Keynote Speaker I

Prof. Yang Xiao
The University of Alabama, Tuscaloosa, USA

Speech Title: Monitoring Systems and the Internet

Dr. Yang Xiao currently is a Full Professor of Department of Computer Science at the University of Alabama, Tuscaloosa, AL, USA. His current research interests include communications/networks and computer/network security. He has published over 200 SCI-indexed journal papers (including over 50 IEEE/ACM transactions papers) and over 200 EI indexed refereed conference papers and book chapters related to these research areas. His research has been supported by the U.S. NSF, U.S. Army Research, GENI, Fleet Industrial Supply Center-San Diego, FIATECH, and The University of Alabama's Research Grants Committee. Dr. Xiao was a Voting Member of IEEE 802.11 Working Group from 2001 to 2004, involving IEEE 802.11 (WIFI) standardization work. He is a Fellow of IET (previously IEE) (FIET). He served/serves as a Panelist for the U.S. National Science Foundation (NSF), The Global Environment for Network Innovations (GENI), Canada Foundation for Innovation (CFI)'s Telecommunications expert committee, and the American Institute of Biological Sciences (AIBS), as well as a Referee/Reviewer for many national and international funding agencies. He currently serves as Editor-in-Chief for International Journal of Security and Networks (EI-index), International Journal of Sensor Networks (SCI-index), and Journal of Communications (EI-index). He had (s) been an Editorial Board or Associate Editor for 20 international journals, including IEEE Transactions on Systems, Man, and Cybernetics: Systems, during 2014 to 2015, IEEE Transactions on Vehicular Technology, during 2007 to 2009, and IEEE Communications Survey and Tutorials, during 2007 to 2014. He served (s) as a Guest Editor for over 20 times for different international journals, including IEEE Network, IEEE Wireless Communications , and ACM/Springer Mobile Networks and Applications (MONET). Dr. Xiao has delivered over 30 keynote speeches at international conferences around the world and gave more than 60 invited talks at different international institutes..

Abstract: Accountability implies that any entity should be held responsible for its own specific action or behavior so that the entity is part of larger chains of accountability. One of the goals of accountability is that once an event has transpired, the events that took place are traceable so that the causes can be determined afterward. The poor accountability provided by today's computers and networks wastes a great deal of money and effort. This is due to the simple fact that today's computing and network infrastructure was not built with accountability in mind. In this talk we introduce our previous work: accountable monitoring methodology called flow-net. We apply this methodology to many applications ranging from operating system design to computer networks.
 

Keynote Speaker II

Prof. Nobuo Funabiki,
Department of Electrical and Communication Engineering
Okayama University, Japan

Speech Title: Java Programming Learning Assistant System: JPLAS

Nobuo Funabiki received the B.S. and Ph.D. degrees in mathematical engineering and information physics from the University of Tokyo, Japan, in 1984 and 1993, respectively. He received the M.S. degree in electrical engineering from Case Western Reserve University, USA, in 1991. From 1984 to 1994, he was with the System Engineering Division, Sumitomo Metal Industries, Ltd., Japan. In 1994, he joined the Department of Information and Computer Sciences at Osaka University, Japan, as an assistant professor, and became an associate professor in 1995. He stayed at University of California, Santa Barbara, in 2000-2001, as a visiting researcher. In 2001, he moved to the Department of Communication Network Engineering (currently, Electrical and Communication Engineering) at Okayama University as a professor. He is the chairman at IEEE Hiroshima Section from 2015. His research interests include computer networks, optimization algorithms, educational technology, and Web technology.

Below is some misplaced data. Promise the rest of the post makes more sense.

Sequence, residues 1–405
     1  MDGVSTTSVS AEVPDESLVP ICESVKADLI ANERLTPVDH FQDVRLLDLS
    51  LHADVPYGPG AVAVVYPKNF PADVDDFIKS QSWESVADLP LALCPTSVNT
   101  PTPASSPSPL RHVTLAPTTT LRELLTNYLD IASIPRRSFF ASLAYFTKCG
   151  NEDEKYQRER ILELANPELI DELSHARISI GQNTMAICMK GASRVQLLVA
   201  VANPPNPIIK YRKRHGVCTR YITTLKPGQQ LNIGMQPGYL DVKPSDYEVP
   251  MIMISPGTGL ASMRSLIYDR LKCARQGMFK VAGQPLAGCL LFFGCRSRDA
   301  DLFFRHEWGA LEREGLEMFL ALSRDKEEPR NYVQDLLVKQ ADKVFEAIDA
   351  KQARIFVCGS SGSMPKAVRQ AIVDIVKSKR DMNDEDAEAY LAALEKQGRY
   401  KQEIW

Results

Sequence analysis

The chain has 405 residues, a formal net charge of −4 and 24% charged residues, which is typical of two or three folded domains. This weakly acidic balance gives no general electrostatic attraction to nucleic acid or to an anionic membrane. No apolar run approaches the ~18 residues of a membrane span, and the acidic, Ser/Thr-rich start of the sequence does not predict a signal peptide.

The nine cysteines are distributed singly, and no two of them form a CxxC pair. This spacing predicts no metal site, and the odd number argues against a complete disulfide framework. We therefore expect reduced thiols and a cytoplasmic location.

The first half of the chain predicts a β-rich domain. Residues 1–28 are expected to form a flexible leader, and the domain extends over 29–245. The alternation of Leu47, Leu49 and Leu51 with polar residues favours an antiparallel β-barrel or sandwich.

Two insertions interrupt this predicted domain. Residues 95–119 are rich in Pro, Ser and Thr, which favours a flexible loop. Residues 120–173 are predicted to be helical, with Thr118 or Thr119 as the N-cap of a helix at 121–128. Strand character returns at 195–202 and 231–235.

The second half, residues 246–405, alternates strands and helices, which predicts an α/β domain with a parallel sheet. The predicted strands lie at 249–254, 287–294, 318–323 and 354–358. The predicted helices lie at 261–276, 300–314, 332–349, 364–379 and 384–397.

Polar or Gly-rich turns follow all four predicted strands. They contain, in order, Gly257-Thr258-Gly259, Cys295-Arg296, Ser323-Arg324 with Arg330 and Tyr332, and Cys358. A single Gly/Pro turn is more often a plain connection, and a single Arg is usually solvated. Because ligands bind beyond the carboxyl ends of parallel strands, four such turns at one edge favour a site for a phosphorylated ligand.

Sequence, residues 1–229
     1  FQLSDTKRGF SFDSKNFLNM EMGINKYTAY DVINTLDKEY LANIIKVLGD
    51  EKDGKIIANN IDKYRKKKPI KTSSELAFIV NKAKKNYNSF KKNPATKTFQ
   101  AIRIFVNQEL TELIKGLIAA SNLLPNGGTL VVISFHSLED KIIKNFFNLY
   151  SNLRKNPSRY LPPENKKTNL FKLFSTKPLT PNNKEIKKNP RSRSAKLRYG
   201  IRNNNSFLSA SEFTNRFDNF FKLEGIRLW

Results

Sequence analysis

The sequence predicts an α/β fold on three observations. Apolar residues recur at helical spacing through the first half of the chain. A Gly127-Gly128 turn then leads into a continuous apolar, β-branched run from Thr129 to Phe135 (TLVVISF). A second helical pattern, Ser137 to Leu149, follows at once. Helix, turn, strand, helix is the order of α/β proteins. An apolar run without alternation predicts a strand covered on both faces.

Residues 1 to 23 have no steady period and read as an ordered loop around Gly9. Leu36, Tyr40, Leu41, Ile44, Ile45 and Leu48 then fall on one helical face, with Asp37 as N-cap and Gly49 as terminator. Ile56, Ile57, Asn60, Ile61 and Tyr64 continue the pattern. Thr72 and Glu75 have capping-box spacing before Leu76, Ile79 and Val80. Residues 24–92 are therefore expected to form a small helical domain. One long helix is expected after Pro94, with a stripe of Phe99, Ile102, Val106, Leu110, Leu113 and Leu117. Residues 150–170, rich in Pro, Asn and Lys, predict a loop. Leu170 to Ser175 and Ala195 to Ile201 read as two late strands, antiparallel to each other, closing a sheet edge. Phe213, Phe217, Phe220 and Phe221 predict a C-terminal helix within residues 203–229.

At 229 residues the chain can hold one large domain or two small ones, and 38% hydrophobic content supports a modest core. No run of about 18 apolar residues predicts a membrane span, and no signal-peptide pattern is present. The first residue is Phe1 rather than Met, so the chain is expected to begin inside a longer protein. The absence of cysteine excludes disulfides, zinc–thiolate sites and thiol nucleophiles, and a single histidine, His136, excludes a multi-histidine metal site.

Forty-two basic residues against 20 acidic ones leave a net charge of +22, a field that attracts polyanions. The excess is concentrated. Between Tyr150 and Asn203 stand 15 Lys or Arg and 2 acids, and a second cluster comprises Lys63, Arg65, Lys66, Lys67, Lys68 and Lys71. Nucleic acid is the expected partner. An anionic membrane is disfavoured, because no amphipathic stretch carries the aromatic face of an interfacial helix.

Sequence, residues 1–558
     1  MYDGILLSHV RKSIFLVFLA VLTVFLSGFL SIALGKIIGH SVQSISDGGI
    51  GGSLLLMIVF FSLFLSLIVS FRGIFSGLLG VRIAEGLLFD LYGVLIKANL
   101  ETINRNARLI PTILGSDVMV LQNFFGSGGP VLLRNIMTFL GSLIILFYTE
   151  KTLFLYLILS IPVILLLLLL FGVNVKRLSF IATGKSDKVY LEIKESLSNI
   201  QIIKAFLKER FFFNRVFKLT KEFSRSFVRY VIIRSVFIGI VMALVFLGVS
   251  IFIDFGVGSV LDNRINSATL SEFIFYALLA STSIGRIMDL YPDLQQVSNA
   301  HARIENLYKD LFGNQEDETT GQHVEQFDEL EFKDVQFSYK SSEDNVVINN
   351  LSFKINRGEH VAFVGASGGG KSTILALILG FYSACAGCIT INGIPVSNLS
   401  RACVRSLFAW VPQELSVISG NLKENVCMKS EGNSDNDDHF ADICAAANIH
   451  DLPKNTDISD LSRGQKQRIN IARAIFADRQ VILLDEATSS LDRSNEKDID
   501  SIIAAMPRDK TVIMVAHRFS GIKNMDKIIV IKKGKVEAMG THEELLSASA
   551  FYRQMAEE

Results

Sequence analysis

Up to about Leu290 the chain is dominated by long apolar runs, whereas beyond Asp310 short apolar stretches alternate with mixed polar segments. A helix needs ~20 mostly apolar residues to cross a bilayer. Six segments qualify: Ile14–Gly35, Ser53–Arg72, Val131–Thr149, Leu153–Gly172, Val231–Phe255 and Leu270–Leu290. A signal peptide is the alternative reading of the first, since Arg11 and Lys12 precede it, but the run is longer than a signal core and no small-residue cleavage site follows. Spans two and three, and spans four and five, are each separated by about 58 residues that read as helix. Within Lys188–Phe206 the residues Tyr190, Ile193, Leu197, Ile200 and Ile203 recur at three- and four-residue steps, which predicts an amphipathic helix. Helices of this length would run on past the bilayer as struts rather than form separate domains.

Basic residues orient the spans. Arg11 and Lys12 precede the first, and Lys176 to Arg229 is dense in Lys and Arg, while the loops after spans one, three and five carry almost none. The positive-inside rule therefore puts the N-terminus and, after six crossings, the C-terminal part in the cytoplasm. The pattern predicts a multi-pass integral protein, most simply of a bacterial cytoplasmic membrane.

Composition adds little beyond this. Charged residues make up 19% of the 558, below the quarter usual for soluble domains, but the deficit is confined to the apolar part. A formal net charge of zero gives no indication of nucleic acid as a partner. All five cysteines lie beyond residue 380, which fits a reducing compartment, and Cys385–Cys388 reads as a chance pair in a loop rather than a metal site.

Abstract: As a useful and practical object-oriented programming language, Java has been used in many practical systems including enterprise servers, smart phones, and embedded systems, due to its high safety and portability. Then, a lot of educational institutes such as universities and professional schools have offered Java programming courses to cultivate Java engineers. To assist Java programming educations, we have proposed and implemented a Web-based Java Programming Learning Assistant System called JPLAS. JPLAS offers four types of problems that have different difficulties to cover studies of students at different learning levels: 1) element fill-in-blank problem, 2) value trace problem, 3) statement fill-in-blank problem, and 4) code writing problem. For 1), we have proposed a graph-theory based algorithm to automatically generate element fill-in-blank problems that have unique correct answers. For 3) and 4), we have adopted the test-driven development (TDD) method so that the answer codes from students can be automatically verified using test codes for their self-studies. In this talk, we introduce the outline of JPLAS and its application results to the Java programming course in our department. Besides, we introduce some new features of JPLAS such as the offline answering function, the coding rule learning function, and the clone code deletion problem.